• GunNutGunNut Posts: 7,642 Senior Member
    BamaakII said:
    Zed, don't if you have seen Mr. Wilson's comments but he said the guy was on their radar the minute he came in the church.  He had a wig and fake beard and long coat. So if was on their radar, their security plan kind of failed or was flawed at least.  But besides what has been said about mistakes were made, training and ability failures for Vic#1 who was like 70, what better "plan" could they have had short of stop and frisk.  What do you do when someone is suspicious?  Chuches are welcoming places to all.

    I’m not zed but one of the reasons I’ve taken to carrying a gun on a shoulder rig under a jacket at church is I can easily and without attracting ANY attention cross my arms and have my hand on the grip of my gun while still keeping it concealed.  If I had seen this guy walk into my church I would have spent the whole service making sure he was in my field of vision at all times.  My hands would have been on my gun the second he stood up.  I hate profiling but he just looked all sorts of sketchy...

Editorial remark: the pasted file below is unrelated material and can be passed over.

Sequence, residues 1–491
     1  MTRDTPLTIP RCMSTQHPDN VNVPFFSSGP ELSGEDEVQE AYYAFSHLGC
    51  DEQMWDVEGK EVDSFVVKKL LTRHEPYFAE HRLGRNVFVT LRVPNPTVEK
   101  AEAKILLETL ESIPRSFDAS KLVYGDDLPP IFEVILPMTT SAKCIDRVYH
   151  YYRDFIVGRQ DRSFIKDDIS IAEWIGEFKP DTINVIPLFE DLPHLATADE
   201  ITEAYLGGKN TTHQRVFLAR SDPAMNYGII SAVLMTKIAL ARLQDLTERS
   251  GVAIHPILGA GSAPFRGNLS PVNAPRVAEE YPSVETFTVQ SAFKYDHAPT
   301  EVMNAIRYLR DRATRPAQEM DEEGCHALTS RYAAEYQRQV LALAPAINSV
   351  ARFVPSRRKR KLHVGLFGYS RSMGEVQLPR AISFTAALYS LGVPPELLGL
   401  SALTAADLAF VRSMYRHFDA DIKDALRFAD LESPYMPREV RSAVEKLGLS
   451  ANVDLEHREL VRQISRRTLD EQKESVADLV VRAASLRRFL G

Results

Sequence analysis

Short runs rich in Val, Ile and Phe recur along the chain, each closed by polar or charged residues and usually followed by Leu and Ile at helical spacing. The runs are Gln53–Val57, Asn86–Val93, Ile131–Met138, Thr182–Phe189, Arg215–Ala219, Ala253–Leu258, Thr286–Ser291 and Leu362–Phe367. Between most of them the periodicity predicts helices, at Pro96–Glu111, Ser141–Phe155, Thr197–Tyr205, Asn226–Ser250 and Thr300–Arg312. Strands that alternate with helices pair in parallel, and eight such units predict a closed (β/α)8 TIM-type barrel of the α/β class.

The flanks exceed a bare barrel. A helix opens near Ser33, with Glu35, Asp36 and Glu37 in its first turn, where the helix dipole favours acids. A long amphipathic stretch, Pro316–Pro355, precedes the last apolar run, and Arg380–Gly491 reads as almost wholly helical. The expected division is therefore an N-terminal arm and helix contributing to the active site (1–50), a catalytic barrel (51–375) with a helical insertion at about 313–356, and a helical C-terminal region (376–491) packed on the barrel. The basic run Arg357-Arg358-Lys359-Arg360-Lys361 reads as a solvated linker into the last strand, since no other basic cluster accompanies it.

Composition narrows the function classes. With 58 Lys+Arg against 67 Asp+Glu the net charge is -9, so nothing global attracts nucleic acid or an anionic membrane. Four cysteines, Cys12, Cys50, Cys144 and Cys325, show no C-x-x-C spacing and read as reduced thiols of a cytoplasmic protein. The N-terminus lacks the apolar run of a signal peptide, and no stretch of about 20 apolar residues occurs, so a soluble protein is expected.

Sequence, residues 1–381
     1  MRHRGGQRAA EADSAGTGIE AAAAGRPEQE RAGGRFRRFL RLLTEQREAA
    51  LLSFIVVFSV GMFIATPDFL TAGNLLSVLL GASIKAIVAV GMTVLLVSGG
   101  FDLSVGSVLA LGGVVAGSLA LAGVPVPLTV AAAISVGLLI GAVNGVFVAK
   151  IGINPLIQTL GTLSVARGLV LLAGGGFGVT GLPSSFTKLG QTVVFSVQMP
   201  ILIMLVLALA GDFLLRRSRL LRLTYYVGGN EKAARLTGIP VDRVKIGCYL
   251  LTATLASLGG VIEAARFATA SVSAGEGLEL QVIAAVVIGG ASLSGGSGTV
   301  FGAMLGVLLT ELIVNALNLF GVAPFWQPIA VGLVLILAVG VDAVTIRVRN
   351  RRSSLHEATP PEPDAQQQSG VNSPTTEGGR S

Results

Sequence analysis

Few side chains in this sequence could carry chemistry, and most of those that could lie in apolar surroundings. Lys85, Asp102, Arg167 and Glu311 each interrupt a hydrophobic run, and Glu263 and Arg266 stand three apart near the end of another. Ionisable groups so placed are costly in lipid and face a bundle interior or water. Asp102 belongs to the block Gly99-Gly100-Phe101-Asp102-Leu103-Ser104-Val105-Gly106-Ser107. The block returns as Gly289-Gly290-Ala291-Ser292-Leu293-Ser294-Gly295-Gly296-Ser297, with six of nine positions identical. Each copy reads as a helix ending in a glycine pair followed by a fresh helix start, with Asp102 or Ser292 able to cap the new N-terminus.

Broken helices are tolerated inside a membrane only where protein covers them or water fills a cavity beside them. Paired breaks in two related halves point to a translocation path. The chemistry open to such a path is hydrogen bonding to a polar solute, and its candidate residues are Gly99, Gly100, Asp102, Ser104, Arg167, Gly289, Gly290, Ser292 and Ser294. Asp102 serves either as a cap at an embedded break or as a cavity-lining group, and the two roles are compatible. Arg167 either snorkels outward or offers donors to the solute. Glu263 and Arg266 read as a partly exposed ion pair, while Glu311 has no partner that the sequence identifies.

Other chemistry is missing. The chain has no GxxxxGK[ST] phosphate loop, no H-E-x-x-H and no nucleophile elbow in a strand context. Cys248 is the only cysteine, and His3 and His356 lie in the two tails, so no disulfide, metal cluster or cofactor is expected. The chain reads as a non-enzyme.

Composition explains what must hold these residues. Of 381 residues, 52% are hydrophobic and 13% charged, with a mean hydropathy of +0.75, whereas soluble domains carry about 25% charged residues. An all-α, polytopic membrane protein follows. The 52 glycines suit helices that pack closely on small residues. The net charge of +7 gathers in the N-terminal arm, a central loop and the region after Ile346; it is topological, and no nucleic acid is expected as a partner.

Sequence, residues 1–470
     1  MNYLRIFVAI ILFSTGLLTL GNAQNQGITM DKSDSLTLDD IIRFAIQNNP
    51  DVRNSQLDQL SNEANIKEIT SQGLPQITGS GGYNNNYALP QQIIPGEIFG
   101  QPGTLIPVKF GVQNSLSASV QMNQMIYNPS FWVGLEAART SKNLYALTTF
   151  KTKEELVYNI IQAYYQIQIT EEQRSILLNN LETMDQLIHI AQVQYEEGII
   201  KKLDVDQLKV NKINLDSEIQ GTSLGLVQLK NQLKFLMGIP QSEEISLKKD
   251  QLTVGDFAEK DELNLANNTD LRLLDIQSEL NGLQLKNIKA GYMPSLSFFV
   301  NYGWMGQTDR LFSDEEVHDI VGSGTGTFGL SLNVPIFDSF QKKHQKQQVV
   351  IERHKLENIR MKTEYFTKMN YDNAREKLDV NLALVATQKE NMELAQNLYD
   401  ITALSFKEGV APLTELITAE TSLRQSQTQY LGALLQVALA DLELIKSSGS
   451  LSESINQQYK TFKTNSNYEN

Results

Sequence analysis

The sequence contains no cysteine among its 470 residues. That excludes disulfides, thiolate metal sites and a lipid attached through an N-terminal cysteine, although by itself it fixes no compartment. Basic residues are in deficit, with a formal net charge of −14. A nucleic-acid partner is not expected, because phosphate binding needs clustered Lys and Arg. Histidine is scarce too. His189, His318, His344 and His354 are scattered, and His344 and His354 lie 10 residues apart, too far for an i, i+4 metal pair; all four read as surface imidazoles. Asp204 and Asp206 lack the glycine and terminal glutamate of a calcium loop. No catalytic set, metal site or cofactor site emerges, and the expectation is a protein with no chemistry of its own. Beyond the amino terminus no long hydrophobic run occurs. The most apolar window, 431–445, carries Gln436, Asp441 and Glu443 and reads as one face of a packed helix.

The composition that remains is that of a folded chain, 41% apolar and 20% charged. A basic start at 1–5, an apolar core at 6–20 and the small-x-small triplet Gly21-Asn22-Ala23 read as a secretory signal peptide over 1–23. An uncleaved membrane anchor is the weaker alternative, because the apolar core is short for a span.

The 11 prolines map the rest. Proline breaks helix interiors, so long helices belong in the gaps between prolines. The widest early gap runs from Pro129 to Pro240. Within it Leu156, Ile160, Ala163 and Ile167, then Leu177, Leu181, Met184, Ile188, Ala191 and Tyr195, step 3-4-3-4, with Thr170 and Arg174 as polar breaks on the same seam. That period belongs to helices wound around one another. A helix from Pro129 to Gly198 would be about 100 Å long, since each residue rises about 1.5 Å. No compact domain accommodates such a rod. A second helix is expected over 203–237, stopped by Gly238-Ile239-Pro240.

• SpkSpk Senior Member Posts: 4,543 Senior Member
    edited December 2019 #68
    BamaakII said:
    ...
    what better "plan" could they have had short of stop and frisk.  What do you do when someone is suspicious?  Chuches are welcoming places to all.

    This is the challenge. But I think I the name of safety, confronting the individual in a polite "interview" would've been appropriate. LEO do it all the time. If you see someone new at your church welcome them, then start asking questions. Start with asking their name and where there from. This interview process isn't just about starting a bio but to see how willing someone is in sharing information. It doesn't take long at all to determine if someone is on the level, deceptive, distraught, confused or downright dangerous.